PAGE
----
Is Trump's Supreme Court strategy self-destructive — or his pathway to a second term?

You'd think Republicans would want to use this open seat to drive turnout. They have a different goal in mind

By Heather Digby Parton


Published September 23, 2020 8:45AM (EDT)

Donald Trump, The Supreme Court seats, and the looming Ruth Bade Ginsberg (Photo illustration by Salon/Getty Images)
Donald Trump, The Supreme Court seats, and the looming Ruth Bade Ginsberg (Photo illustration by Salon/Getty Images)

President Trump repeatedly says that he's accomplished more than any president in history. I've never heard anyone ask him to lay out specifically what he means by that. He can try to take credit for signing big tax cuts for the wealthy, but that was passed by the Republican Congress with little input from him. It's true that his executive branch agencies have overturned many environmental rules and other regulations, but he hasn't been involved and clearly doesn't know the details.

Trump's corruption has given his consigliere, Attorney General Bill Barr, the opportunity to further his own "powerful executive" theory. His craven pandering to white supremacists and the evangelical right has kept the base bonded tightly to the Republican Party. But beyond that his list of accomplishments is nil. He has literally done nothing but run his mouth and turn the U.S. into an object of fear and pity around the world

But as much as Republicans no doubt cringe at his ignorant antics, they have exactly what they always wanted. For all his embarrassing narcissism and ineptitude, Trump is the personification of what Republican operative Grover Norquist once told a group of activists a few years back was the perfect president:

We are not auditioning for "fearless leader." We don't need a president to tell us where to go. We know what direction we want to go. ... We don't need someone to think it up or design it. Pick a Republican with enough working digits to handle a pen to become president of the United States.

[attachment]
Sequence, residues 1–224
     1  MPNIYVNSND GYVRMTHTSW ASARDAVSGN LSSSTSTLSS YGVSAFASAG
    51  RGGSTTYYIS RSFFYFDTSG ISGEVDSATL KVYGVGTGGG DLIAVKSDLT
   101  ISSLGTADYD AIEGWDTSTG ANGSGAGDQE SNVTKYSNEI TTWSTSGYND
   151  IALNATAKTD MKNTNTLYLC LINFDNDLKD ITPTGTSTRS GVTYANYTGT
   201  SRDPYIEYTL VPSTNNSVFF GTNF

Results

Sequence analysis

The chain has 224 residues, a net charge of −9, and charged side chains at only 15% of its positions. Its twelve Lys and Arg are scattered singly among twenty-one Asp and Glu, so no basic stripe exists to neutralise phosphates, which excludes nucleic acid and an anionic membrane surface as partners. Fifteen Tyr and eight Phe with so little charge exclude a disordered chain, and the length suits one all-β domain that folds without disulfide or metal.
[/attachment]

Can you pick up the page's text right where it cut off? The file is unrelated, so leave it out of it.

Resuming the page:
Trump doesn't know what his great accomplishments are, nor can he explain what he plans to do in his second term other than "more of the same," whatever that is. That, in large measure, is exactly why he has the continued loyalty of the officials in his party.

The mere fact that Trump has the working digits to hold a pen has allowed Mitch McConnell and the far-right Federalist Society to pack the courts with extremist judges, many unqualified and all of them young. They've allowed Trump to think he did something special. But that happened because McConnell blocked dozens of Obama's nominees, including, of course, Merrick Garland, whom Obama named to the Supreme Court and who didn't even get a hearing. Then McConnell coerced Justice Anthony Kennedy to retire, and got tragically lucky last week with the untimely death of Justice Ruth Bader Ginsburg.

Trump had absolutely nothing to do with any of that beyond warming the desk chair in the Oval Office and signing the pieces of paper they handed him. His bragging about his "legacy" on the courts is a joke. If it's anyone's legacy, it's McConnell's.

As Salon's Andrew O'Hehir has argued, McConnell is more or less in a win-win situation whether the vote on the next Supreme Court nominee is held before or after the presidential election. He either gets his own legacy sealed with a 6-3 extremist majority for a generation or, if he is forced to wait, his endangered Senate Republicans have something to juice right-wing turnout, potentially saving McConnell's Senate majority. Whether they win or lose in November, they have till January to complete the confirmation and will probably get the seat anyway.